Stories about: bacteria

Scientists find link between increases in local temperature and antibiotic resistance

Image representing the rise of antibiotic resistance
Illustration by Fawn Gracey

Over-prescribing has long been thought to increase antibiotic resistance in bacteria. But could much bigger environmental pressures be at play?

While studying the role of climate on the distribution of antibiotic resistance across the geography of the U.S., a multidisciplinary team of epidemiologists from Boston Children’s Hospital found that higher local temperatures and population densities correlate with higher antibiotic resistance in common bacterial strains. Their findings were published today in Nature Climate Change.

“The effects of climate are increasingly being recognized in a variety of infectious diseases, but so far as we know this is the first time it has been implicated in the distribution of antibiotic resistance over geographies,” says the study’s lead author, Derek MacFadden, MD, an infectious disease specialist and research fellow at Boston Children’s Hospital. “We also found a signal that the associations between antibiotic resistance and temperature could be increasing over time.”

During their study, the team assembled a large database of U.S. antibiotic resistance in E. coli, K. pneumoniae and S. aureus, pulling from hospital, laboratory and disease surveillance data documented between 2013 and 2015. Altogether, their database comprised more than 1.6 million bacterial specimens from 602 unique records across 223 facilities and 41 states.

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Microbial murder mystery solved

Bacteria, pictured in Petri dish culture here, can become resistant to antibiotics - but not killer cells. Why? New research from Boston Children's Hospital helps solve this microbial murder mystery.Immune cells called “killer cells” target bacteria invading the body’s cells, but how do they do this so effectively? Bacteria can quickly evolve resistance against antibiotics, yet it seems they have not so readily been able to evade killer cells. This has caused researchers to become interested in finding out the exact mechanism that killer cells use to destroy bacterial invaders.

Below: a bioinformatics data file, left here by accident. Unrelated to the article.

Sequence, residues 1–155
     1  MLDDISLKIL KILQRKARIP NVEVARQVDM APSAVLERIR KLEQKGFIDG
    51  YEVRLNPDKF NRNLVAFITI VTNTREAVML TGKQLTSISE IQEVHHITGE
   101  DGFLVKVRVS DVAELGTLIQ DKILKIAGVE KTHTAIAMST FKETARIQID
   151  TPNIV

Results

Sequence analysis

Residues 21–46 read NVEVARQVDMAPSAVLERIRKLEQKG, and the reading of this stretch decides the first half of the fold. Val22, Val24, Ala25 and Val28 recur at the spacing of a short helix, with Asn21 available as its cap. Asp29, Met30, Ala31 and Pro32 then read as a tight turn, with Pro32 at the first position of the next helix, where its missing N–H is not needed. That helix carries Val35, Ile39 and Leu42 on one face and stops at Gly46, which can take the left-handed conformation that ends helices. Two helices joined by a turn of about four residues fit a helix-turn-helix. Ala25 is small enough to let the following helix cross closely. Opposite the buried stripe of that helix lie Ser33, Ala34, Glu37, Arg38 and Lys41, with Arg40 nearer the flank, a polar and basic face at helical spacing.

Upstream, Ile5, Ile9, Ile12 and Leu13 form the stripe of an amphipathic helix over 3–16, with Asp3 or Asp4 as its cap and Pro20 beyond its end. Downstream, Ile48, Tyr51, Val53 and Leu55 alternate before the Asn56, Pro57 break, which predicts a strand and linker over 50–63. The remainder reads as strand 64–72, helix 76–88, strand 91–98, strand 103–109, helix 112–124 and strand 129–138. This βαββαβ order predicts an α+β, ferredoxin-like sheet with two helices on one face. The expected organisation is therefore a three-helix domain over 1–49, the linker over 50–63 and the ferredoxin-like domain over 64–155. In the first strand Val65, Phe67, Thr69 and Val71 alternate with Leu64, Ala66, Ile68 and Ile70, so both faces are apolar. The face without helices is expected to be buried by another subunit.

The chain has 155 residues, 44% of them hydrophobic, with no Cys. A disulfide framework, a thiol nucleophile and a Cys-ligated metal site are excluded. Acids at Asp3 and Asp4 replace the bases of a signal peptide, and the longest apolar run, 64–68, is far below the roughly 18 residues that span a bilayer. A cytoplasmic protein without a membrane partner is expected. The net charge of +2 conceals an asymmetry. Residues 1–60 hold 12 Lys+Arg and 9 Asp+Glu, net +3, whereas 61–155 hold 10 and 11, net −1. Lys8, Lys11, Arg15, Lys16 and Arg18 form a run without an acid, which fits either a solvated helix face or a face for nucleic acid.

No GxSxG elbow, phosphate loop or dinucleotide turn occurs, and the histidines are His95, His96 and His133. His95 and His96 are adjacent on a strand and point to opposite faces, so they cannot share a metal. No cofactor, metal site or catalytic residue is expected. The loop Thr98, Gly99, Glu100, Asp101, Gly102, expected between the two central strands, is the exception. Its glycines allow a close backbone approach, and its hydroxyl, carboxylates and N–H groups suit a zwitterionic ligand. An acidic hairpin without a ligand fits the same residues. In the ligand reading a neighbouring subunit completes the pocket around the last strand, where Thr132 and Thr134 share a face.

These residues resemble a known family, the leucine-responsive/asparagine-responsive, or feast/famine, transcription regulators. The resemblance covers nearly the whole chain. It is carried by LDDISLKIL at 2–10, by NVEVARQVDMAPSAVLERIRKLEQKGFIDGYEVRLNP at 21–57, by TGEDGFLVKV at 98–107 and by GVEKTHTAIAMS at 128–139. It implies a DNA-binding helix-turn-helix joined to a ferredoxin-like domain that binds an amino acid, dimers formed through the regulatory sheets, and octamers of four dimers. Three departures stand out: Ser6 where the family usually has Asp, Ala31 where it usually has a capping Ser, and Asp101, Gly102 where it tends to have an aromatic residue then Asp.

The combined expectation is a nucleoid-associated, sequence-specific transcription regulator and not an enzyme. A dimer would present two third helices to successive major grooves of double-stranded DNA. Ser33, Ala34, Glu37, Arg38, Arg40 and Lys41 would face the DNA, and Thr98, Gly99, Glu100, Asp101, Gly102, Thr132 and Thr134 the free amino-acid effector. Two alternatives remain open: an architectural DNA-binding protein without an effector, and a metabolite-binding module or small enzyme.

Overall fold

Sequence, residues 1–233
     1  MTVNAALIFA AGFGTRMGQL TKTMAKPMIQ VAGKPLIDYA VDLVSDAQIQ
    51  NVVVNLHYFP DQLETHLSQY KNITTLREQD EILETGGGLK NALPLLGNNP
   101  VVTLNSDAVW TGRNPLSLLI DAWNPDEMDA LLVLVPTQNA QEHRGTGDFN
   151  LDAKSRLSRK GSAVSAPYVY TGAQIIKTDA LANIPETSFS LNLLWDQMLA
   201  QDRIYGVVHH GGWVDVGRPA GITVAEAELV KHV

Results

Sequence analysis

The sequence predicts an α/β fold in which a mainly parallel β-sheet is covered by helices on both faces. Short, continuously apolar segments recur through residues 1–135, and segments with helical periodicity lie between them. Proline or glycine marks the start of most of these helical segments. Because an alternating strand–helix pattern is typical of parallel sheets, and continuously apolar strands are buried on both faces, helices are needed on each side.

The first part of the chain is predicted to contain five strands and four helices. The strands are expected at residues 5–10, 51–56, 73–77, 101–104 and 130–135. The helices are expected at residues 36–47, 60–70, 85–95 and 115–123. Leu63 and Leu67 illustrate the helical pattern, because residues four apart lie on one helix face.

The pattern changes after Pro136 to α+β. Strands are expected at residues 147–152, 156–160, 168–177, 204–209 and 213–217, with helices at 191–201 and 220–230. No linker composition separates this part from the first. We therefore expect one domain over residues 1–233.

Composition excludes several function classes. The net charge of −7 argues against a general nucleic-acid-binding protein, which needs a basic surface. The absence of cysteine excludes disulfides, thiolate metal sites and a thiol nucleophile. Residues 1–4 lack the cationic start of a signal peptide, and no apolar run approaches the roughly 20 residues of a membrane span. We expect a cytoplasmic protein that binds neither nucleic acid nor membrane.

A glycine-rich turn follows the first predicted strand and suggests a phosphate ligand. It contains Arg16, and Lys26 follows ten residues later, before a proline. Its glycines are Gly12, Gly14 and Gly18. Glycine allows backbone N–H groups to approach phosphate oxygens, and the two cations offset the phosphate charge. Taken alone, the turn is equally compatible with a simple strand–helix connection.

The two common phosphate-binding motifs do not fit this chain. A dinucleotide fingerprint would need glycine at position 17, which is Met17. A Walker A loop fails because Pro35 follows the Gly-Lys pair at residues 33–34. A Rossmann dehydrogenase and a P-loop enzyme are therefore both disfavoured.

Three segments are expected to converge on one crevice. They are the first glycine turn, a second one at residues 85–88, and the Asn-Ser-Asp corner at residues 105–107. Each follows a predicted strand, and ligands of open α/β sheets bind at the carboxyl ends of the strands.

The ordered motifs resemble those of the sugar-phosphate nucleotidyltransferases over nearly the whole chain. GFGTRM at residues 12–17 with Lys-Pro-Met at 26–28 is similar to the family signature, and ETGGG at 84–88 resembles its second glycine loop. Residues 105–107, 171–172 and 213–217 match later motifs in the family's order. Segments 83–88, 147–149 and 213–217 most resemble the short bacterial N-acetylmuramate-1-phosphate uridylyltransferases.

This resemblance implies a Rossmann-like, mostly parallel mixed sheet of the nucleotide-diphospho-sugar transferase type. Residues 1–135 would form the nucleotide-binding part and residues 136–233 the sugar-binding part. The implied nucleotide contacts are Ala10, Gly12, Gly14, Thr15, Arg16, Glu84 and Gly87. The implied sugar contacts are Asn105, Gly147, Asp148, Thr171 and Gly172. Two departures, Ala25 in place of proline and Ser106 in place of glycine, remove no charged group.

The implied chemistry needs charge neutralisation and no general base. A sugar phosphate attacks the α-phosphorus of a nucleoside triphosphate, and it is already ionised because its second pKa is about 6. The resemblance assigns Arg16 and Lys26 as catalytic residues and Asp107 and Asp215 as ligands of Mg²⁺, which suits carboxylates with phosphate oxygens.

Although one way that killer cells can trigger bacterial death is by inflicting oxidative damage, it has not yet been at all understood how killer cells destroy bacteria in environments without oxygen.

Now, for the first time, researchers have caught killer cells red-handed in the act of microbial murder

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Another microbiome perspective: The host holds the leash

Abstract depiction of the microbiome

Most scientists and clinicians accept that the human microbiome impacts a person’s nutrition, immune system function, physical health and perhaps even mental illness, but exactly how or why is not well understood. Now, taking an evolutionary approach, a Boston Children’s Hospital infectious disease researcher suggests the host may play a more active role in controlling the microbiome than previously appreciated.

“I think we need to re-evaluate the way in which we think about the microbiome,” says Seth Rakoff-Nahoum, MD, PhD, a physician-scientist at Boston Children’s in the Divisions of Infectious Diseases and Gastroenterology, whose perspective was published today in Nature.

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Our T-cells have been hiding something: Another way to kill bacteria

Listeria intracellular bacteria infection T-cell immunity granzymes granulysins
Listeria bacteria on a plate. The biology of HIV/AIDS suggests T-cells have a hitherto unrecognized way of killing pathogens like these.

The immune system, despite its immense complexity, really has only a few ways to kill bacteria:

  • Neutrophils and macrophages can capture and digest extracellular bacteria (ones that live free in tissues and the bloodstream).
  • Peptides (protein fragments) can punch holes in bacterial membranes or cross the membranes to disrupt bacterial processes.
  • T-cells can kill cells infected by intracellular bacteria (ones that take up residence within cells).

It’s this last mechanism that I want you to pay attention to. The conventional wisdom has long held that T-cells can only kill intracellular bacteria indirectly by eliminating the cells they’ve infected. But a paper by Judy Lieberman, MD, PhD, of Boston Children’s Hospital’s Program in Cellular and Molecular Medicine, reveals that T-cells have a hitherto unnoticed way of directly killing intracellular bacteria And she only found it because of HIV/AIDS.

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